Smashmouth: Two Years in the Gutter with Al Gore and George W. Bush

by Dana Milbank

Published by Basic Books

399 pages, 2001

Buy it online






Speaking the Unspeakable

Reviewed by Patrick A. Smith


In the interest of full disclosure, I'll state right off the bat that 1) I have been a resident of Tallahassee, Florida, for four years; 2) I am, by nature, a highly a-political being; 3) I believe that, as surely as aliens crashed in the New Mexico desert in 1947 and Roger Patterson filmed bigfoot loping through the northern California backwoods in 1967, the conspiracy that brought down the nascent Gore Empire in the latest presidential election was orchestrated in the great State of Florida, one of whose cities exhorts its civic-minded inhabitants to "Vote early, vote often"; 4) I am not a crackpot.

That said, Dana Milbank's Smashmouth: Notes from the 2000 Campaign Trail is probably the closest one could come in the short three months since the greatest debacle in made-for-television politics to giving a readable summation of the events -- both the Tussle in Tallahassee and the two years preceding, when the groundwork for all this nonsense was laid by an Internet inventor with a knack for hyperbole and a professional frat boy who uses words like "subliminable" and "Kosovian." By "readable," of course, I mean putting enough of a fresh spin (forgive the word) to make palatable one more time stories that have, in record time, become part of a culture's collective unconscious. The trick is a tough one -- like trying to convince someone at a Sunday buffet that the peel-and-eat shrimp is fresh -- but the subject matter is handled admirably and with a sharp eye for the inane.

Milbank's opening lines recall Ishmael's plight in Moby-Dick, though the author of this political treatise has significantly less about which to be optimistic than the shipwrecked sailor:

I write this from a dreary hotel room in the Tallahassee Radisson. This is not how the 2000 presidential election was supposed to end. I was to be in Argentina by now, exploring the wilds of Patagonia and strolling the boulevards of Buenos Aires.

Instead, I have become a war correspondent.

At least Ishmael got some closure when Queequeg's coffin fortuitously popped up from the briny deep. The author of Smashmouth, like everyone else in the United States (nay, the world), hasn't been quite so lucky.

Smashmouth could have been team-written by Bob Woodward and Joe Ezterhas. Milbank, a White House correspondent for the Washington Post and previously a senior editor at The New Republic, dishes the insider information that, in the reader who can still stomach such things, will strike a chord.

Some of the observations the author brings back from the road are downright humorous, even for the most avid hater of politics: For all the criticism Al Gore took for being wooden, Bill Bradley puts Notre Dame's president emeritus Theodore Hesburg to sleep with a high-concept speech titled "Meaning in American Politics." Milbank describes Bradley's campaign kickoff as a disaster, from the singer who botched the lines to the national anthem to Bradley's stumbling on the final words of his speech -- words that were meant to bring his supporters to their feet and jump start his run for the White House. Instead, Bradley sounded "like a foreign student of English."

(In all fairness to Bradley, though, intelligence doesn't play well in presidential elections. Witness Alan Keyes, a Republican aspirant to the throne whose intelligence got him in dutch with the voters. Too, the plight of Al Gore, who lost to a guy whose driving under the influence conviction seemed to help him gain support in the late stages of the campaign. Enough said.)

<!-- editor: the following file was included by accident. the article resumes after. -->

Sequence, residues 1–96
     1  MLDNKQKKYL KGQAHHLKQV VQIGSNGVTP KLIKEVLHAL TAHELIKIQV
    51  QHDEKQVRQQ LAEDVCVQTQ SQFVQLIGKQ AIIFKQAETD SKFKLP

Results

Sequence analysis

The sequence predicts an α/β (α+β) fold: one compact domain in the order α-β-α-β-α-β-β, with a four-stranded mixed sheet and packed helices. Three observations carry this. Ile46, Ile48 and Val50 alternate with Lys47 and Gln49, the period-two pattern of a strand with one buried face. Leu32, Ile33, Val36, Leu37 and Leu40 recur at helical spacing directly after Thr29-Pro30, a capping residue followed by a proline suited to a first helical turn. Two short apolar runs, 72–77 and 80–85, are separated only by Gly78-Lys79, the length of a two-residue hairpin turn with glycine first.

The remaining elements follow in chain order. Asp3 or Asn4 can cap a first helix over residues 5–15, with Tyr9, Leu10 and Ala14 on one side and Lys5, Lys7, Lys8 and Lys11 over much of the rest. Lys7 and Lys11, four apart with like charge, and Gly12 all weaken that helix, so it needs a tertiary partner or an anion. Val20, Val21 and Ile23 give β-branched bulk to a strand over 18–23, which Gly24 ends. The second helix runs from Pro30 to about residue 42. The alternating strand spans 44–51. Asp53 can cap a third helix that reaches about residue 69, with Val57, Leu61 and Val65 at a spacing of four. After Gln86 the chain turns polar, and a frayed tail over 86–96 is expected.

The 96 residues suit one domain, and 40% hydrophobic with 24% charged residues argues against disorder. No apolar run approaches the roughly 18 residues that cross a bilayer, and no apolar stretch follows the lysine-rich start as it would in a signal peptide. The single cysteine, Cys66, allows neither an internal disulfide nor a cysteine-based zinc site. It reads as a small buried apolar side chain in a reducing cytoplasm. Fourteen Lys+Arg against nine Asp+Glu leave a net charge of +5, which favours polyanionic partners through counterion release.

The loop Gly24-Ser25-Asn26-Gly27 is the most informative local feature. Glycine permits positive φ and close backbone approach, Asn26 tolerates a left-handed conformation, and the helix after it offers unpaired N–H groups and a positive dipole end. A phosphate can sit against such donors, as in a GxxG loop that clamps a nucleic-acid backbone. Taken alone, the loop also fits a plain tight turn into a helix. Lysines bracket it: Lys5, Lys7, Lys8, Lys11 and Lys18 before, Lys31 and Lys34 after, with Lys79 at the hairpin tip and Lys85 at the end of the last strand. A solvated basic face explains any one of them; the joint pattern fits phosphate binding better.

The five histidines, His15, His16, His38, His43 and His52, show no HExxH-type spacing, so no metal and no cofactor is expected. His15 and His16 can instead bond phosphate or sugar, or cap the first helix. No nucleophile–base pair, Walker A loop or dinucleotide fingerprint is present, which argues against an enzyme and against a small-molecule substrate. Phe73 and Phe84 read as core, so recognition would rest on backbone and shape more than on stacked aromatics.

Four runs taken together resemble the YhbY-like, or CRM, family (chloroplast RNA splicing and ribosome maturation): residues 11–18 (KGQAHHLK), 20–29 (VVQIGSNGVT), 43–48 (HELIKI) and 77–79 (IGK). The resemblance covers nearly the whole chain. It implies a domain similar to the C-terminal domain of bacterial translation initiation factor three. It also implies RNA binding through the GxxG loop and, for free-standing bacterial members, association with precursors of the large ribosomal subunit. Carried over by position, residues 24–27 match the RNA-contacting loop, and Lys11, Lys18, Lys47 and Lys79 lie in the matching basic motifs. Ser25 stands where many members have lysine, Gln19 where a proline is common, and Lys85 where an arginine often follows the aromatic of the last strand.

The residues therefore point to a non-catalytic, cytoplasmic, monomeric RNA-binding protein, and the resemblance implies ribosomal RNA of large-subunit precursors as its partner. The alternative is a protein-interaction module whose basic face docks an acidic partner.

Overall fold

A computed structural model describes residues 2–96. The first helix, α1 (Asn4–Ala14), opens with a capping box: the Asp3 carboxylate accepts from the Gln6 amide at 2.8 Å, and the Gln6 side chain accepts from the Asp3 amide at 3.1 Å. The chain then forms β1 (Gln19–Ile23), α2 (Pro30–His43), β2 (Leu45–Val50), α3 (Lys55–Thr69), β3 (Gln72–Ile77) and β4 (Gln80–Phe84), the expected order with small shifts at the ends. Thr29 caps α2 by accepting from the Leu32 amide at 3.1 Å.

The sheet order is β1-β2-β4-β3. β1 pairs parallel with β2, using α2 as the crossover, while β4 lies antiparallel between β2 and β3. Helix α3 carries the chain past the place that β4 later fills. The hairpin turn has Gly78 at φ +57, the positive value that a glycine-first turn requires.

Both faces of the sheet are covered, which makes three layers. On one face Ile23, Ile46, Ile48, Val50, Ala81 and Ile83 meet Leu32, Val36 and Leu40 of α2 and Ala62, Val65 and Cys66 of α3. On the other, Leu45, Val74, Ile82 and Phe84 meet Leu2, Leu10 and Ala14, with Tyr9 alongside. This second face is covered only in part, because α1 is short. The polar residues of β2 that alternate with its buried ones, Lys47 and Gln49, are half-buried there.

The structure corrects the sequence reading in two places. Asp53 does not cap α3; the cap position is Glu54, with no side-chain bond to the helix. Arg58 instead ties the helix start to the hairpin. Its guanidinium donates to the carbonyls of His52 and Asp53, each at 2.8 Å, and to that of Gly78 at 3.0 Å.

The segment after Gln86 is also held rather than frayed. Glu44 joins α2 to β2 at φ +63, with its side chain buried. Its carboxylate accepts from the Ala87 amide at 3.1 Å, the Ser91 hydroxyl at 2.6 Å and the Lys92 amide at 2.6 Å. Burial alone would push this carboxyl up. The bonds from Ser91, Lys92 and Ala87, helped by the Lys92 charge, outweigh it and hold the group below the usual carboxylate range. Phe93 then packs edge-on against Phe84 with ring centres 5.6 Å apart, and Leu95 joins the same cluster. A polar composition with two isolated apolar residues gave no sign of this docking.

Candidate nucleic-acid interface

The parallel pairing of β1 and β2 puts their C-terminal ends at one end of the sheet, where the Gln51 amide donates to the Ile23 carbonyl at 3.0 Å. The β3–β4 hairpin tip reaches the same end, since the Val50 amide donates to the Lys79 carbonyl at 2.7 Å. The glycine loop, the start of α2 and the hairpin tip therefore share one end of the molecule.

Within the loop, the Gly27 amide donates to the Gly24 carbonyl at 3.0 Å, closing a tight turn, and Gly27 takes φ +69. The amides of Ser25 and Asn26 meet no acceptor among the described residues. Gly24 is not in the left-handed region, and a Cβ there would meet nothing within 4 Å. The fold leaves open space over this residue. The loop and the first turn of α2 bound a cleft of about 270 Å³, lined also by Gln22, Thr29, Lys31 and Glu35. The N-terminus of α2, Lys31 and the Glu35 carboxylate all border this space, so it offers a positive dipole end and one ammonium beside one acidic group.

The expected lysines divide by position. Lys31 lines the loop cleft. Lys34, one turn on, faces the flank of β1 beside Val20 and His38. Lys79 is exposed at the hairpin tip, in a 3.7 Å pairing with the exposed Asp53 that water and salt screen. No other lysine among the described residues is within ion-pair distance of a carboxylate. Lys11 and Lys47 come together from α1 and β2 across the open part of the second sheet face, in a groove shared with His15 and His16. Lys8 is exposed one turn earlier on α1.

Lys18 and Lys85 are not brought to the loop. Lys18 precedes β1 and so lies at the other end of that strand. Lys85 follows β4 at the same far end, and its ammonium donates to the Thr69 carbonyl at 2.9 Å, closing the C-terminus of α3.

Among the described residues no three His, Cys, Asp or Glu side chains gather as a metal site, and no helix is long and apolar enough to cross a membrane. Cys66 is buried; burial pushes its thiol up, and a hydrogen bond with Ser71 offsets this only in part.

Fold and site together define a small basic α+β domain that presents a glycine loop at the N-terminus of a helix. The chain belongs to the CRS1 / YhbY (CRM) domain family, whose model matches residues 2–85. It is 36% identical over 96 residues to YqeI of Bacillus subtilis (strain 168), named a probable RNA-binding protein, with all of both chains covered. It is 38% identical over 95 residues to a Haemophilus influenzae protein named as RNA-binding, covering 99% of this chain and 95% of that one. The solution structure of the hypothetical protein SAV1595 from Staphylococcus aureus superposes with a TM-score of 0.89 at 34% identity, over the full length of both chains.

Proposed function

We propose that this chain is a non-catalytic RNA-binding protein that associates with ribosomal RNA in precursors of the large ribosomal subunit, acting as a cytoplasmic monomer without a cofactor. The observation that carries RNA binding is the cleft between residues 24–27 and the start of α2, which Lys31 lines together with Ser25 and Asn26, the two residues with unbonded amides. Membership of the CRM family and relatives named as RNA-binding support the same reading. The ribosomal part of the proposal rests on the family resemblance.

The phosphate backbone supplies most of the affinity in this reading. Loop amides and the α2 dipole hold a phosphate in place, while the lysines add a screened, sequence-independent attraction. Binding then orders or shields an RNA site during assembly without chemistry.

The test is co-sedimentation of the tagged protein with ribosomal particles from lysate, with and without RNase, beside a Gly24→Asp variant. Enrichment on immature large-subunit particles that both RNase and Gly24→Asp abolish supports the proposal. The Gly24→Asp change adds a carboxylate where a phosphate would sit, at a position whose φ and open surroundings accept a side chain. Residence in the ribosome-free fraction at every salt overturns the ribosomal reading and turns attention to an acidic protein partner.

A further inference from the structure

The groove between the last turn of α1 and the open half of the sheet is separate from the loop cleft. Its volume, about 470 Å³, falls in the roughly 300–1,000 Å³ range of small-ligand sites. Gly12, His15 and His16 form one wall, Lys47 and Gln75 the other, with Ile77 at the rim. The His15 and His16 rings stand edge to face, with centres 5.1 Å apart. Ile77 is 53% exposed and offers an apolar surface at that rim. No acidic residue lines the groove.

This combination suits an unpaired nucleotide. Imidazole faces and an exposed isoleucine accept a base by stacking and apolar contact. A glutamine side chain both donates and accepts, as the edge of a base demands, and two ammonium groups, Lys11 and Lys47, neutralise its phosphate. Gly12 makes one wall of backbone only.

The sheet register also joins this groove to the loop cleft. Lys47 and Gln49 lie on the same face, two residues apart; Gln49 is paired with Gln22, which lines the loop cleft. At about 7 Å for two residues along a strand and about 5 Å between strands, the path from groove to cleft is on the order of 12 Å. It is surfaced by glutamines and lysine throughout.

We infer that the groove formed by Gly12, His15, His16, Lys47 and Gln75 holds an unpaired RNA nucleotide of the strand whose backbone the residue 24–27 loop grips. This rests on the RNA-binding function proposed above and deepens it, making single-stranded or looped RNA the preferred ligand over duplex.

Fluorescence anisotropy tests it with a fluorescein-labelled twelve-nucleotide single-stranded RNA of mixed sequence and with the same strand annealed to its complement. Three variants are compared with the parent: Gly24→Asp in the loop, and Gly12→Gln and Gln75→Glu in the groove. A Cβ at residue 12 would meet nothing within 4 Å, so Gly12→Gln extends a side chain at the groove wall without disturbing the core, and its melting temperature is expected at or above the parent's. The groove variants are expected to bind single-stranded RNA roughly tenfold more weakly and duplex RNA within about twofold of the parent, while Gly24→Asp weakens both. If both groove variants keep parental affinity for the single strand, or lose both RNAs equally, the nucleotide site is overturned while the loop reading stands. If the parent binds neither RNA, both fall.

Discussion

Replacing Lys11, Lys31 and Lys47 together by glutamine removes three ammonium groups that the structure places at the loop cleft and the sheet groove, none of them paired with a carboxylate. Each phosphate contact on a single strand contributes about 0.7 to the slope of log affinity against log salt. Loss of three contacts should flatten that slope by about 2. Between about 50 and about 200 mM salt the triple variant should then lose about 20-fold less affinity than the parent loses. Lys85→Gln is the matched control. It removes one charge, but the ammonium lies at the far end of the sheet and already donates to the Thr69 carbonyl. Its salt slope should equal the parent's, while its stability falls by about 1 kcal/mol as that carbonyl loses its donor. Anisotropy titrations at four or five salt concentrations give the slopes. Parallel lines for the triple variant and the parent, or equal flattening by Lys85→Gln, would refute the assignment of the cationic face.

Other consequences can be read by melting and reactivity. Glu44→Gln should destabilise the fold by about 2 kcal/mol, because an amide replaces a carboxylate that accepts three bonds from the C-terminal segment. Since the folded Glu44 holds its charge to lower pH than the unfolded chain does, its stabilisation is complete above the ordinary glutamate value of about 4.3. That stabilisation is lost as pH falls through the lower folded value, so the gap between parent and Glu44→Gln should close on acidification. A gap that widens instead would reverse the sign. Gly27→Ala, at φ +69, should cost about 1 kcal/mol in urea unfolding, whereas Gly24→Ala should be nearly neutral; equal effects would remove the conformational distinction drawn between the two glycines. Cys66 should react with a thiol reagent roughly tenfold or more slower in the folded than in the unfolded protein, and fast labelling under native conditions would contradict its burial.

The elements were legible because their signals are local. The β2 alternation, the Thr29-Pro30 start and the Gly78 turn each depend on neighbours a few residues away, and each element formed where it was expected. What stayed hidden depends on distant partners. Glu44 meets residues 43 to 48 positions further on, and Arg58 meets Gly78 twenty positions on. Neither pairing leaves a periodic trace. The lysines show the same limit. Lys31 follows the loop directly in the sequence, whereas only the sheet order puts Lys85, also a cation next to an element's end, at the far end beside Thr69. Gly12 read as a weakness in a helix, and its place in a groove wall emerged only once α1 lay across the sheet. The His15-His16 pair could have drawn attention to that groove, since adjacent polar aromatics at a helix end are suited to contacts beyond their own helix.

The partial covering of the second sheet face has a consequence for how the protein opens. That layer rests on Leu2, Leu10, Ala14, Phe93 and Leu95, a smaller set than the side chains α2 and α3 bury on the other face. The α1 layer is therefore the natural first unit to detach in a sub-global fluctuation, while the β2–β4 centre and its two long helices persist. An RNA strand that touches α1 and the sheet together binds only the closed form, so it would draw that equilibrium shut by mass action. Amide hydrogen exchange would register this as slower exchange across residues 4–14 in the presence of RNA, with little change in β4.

There are plenty of similar stories in this book about the other candidates who aspired to POTUS (a cool acronym, meaning President of the United States, that is gaining currency), most of whom, with the exception of John McCain -- who has managed to keep himself in the news in recent weeks -- became footnotes to history faster than you can say "Donna Rice." Steve Forbes is here, as well as Lamar Alexander; Liddy Dole and Orrin Hatch not to mention The Donald -- of course -- and Gary Bauer.

As if we didn't know enough about the foibles, generally, of the candidates, we are assailed with the kinds of details that bring home the realization that, but for a measurable conscience and a dearth of soft-money sugar daddies, any one of us might be backing a U-Haul up to 1600 Pennsylvania Avenue.

The result of such stories in Milbank's book is largely entertaining and informative, though these all-access-in-the-name-of-the-story routines can fall flat if the author isn't always cognizant of how the audience might react to a particular bit. The last one of its type that I read had Tommy Lee (the erstwhile Mr. Pamela Anderson Lee) doing drugs with former Black Sabbath frontman Ozzy Ozbourne. The two were trying to outdo each other with ridiculous schoolboy stunts and Ozzy won the contest in a convincing fashion when he performed a rather undignified act on the floor of his hotel room and expected Lee to stick around to judge the proceedings.

The point, of course, is that presidential politics are not significantly different from what a couple of road-weary rock-and-rollers do in their spare time. Sure, Dubya doesn't do drugs anymore and Al would have stuck around to watch Ozzy if he thought it would bump him up a 10th of a point in the latest poll (Milbank makes much of Gore's insatiable appetite for numbers). Still, when Milbank describes Gore's going to Dairy Queen and dragging 85 members of the entourage in 29 vehicles along with him, the story is somehow superfluous to the "reality" of the campaign as we would have scripted it: two adults giving their best shot to articulating their differences and their vision for the future of the United States and letting the democracy of this great country do the dirty work of electing one of them.

Right. That's exactly the way the system works.

Instead, Milbank calls it out for what it is, adults playing children's games (or is it children playing adults' games?). The reality that Milbank portrays is much less savory than our notion of the ideal campaign, including a story that has one of Gore's aides reducing the length of the VP's stum speeches by caffeinating him and giving him extra-tight underwear.